If you are a serious backpacker, or plan to be one, your backpacking blade is one of the most essential tools you will carry.
A knife worth it’s salt is a versatile tool that will allow you to perform countless important tasks that will dictate whether you have a successful backpacking trip or not. In this article you will find everything you need to know to select the right knife to take with you on the trail.
Backpacking Knife Types
There are two primary types of knives used by backpackers, fixed blade and lock blade knives.
Swiss army knives will also be a serviceable tool for light backpacking and camping tasks.
Lock Blade Knives
Lock blade knives are the larger of the two types of knives. They are also known as folding hunter knives. These are very safe and useful knives that are perfect for the rigors of even long distance backpacking adventures.
Because of the size of these knives they don’t fit comfortably in the pocket and are generally carried in a belt sheath.
Mechanically the lock blade is very sound, they work with a blade that pivots on a pin. This joint does create a point of weakness which could lead to a break if heavy leverage is placed on it.
Like any folding knife, a lock back blade can accumulate gunk and debris that can inhibit it’s smooth open and close. Luckily they are easy to clean and can be submerged in a stream or lake and dried.
Bolters – Usually are comprised of steel, nickel, silver or brass
Surfaces – All the metal surfaces should be smooth
Spring Action – The spring mechanism should be strong and snappy. It should hold it’s position firmly.
Blade – When locked in the open position the blade should be locked in place and strong. No play should be felt when pressure is applied.
Fixed Blade Knives
Fixed blade knives offer great strength and are a very popular backpacking knife style and have been for many decades.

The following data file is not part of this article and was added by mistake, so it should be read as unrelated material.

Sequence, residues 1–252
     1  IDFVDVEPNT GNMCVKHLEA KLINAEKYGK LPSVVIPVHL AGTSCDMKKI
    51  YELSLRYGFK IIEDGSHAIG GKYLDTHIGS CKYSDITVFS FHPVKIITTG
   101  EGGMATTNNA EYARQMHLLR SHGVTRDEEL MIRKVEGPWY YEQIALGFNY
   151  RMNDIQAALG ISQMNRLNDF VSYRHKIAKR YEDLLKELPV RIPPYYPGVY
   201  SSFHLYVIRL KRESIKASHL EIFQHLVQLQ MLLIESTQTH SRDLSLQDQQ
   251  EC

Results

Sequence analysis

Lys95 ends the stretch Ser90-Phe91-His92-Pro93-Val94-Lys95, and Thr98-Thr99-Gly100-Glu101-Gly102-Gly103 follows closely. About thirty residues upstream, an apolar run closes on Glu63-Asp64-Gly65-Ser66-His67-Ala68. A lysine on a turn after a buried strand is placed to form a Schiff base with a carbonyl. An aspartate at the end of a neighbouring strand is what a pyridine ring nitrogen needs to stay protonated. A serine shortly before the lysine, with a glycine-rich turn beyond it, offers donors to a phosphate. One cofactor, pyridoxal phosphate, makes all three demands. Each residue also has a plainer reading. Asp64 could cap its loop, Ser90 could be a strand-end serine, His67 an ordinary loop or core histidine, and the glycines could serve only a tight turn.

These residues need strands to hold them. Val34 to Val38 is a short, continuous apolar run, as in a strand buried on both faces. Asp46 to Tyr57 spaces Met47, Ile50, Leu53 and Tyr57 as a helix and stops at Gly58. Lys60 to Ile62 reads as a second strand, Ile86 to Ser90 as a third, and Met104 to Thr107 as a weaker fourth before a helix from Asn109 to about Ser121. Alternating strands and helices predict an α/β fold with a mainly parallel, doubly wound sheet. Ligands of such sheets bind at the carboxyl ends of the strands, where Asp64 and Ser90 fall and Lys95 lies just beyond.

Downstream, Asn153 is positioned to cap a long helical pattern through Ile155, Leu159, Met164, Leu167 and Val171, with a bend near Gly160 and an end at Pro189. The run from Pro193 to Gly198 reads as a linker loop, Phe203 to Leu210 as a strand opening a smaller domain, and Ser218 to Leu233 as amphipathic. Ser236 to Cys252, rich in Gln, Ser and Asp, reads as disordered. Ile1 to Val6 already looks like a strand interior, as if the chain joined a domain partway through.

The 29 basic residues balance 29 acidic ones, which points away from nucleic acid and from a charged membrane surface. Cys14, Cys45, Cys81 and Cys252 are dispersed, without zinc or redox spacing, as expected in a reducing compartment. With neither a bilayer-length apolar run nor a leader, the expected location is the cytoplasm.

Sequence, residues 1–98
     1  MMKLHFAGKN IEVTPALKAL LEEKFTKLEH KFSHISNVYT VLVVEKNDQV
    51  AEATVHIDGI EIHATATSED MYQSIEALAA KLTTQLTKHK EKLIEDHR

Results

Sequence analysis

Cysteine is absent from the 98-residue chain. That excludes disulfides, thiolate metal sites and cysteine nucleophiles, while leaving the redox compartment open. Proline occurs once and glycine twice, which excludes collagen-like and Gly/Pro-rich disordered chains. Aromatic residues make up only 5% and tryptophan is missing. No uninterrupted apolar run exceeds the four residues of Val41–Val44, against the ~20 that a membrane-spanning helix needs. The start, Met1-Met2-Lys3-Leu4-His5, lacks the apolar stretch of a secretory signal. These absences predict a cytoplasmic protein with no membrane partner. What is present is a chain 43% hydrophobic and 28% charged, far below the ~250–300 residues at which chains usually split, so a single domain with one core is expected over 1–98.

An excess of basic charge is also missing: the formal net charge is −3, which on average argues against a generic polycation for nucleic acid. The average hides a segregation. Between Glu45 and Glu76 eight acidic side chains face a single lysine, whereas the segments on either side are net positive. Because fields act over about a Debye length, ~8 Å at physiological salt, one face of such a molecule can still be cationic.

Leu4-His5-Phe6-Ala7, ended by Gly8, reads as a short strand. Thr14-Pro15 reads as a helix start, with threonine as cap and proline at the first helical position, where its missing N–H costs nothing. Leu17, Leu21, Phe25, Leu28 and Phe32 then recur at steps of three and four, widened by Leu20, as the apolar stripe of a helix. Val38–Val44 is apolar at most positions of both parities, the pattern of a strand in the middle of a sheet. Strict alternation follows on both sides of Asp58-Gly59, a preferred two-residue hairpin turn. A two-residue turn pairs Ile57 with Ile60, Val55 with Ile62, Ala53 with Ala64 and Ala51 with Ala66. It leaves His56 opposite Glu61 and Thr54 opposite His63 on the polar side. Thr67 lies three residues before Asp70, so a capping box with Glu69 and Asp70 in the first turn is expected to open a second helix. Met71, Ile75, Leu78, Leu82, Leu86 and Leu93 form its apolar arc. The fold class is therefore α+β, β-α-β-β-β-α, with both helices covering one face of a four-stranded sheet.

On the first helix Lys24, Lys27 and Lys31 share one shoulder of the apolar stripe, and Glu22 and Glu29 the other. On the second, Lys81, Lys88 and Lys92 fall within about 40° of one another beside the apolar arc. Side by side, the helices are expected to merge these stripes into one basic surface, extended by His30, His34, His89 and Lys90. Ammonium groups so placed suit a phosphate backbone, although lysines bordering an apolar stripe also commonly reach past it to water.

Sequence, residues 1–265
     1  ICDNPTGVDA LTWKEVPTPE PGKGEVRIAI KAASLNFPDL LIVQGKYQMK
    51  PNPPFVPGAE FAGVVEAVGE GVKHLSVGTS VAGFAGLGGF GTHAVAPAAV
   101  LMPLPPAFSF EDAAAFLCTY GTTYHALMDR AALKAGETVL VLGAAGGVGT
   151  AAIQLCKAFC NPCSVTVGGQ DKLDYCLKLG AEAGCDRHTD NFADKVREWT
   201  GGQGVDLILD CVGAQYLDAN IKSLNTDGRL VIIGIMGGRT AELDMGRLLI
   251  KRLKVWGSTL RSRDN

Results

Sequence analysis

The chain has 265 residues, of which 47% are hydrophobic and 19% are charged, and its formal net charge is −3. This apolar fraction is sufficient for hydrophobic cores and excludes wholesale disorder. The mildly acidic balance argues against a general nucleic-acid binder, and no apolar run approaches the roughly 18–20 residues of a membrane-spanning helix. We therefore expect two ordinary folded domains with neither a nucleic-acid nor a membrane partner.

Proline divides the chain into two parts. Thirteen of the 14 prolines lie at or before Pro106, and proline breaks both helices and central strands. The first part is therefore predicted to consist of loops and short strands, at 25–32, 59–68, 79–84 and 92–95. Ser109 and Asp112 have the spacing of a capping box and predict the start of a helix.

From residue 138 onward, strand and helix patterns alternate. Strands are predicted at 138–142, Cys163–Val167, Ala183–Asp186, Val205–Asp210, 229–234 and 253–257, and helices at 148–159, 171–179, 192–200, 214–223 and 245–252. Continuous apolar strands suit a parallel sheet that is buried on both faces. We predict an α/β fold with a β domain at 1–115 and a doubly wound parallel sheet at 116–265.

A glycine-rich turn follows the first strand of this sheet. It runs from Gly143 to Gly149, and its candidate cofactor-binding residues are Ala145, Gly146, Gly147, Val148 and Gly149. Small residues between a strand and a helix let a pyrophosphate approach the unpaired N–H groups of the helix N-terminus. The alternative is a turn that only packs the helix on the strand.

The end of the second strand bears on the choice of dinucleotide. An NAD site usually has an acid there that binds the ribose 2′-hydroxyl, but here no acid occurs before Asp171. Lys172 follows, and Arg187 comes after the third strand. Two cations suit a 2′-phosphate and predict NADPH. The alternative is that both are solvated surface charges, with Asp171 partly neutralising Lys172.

Because the blade is fixed you can easily reach for and use your knife with one hand unlike the lock blade folding style, which often requires two hands to open.
The simple rigid blade design makes these knives capable of being incredibly strong and a high quality knife will likely last you a lifetime.
These knives are almost always carried in a sheath worn on a belt. On the downside, the length of these knives can get in the way at times when sheathed at your side.
There are countless times my sheathed knife has been caught on a random branch while hiking through the forest. But the overall amazing performance of these knives more than makes up for this relatively minor inconvenience.
Grind Lines – They should be even and parallel on the blades faces
Blade Finish – Blades should be smooth
Fittings – The guards, butt caps, and pins should be defect free and set well
Handle – The handle should be completely flush with the blade guard, butt caps and tang. The handle should be crack free and uniform throughout
Tang – There are many different designs out there. The strongest tangs are fully contoured
Backpacking Blade Types
Choosing your blade type is less a science than an art. Much of what you find desirable in a blade will depend on your personal taste and the type of work you’ll be most using your knife for.
Many backpackers prefer a long blade, usually five to seven inches. These workhorses can perform all but the most delicate of cuts. I use mine for everything from whittling make shift tent poles to field dressing game and preparing dinner.
A smaller blade, two to four inches, will generally offer you greater control over your knife.
I personally carry both a lock back and a fixed blade knife and I rarely find a situation one of these knives cannot handle.
If you want to go with one blade to start I suggest getting a four inch blade as it is the most versatile length when out on the trail.
Most knives you will see are either flat ground or hollow ground. A flat ground knife will have sides that taper inward at the edges of the blade. These knives are very strong.
Hollow ground knives have the look of a concave blade creating a more delicate blade which is usually lighter weight.
There are a number of quality handle materials available. You can find handles in traditional materials such as stag, bone, wood, antler to modern synthetic materials.
I would avoid most metal handles as they can become slippery in outdoor situations.
Backing Knife Maintenance
- Avoid storing your knife in it’s sheath. Some blade materials may turn green or even rust.
- Always wipe your blade down with oil when done using. Folding knives should receive hinge oil on occassion.
- Always keep a sharp edge on your blade. Blades will accumulate microscopic rust spots when in storage. A simple leather stropping is all that is needed to remove these rust spots.
- If you have a leather sheath, oil it occasionally with leather cream or Neatsfoot oil.
A strong backpacking knife is easily the most prized tool in my pack. With the right knife you can survive in the woods with almost no other tools. Because of how frequently you will be using your knife it is important to go with a style that is designed to handle the particular needs of the serious backpacker.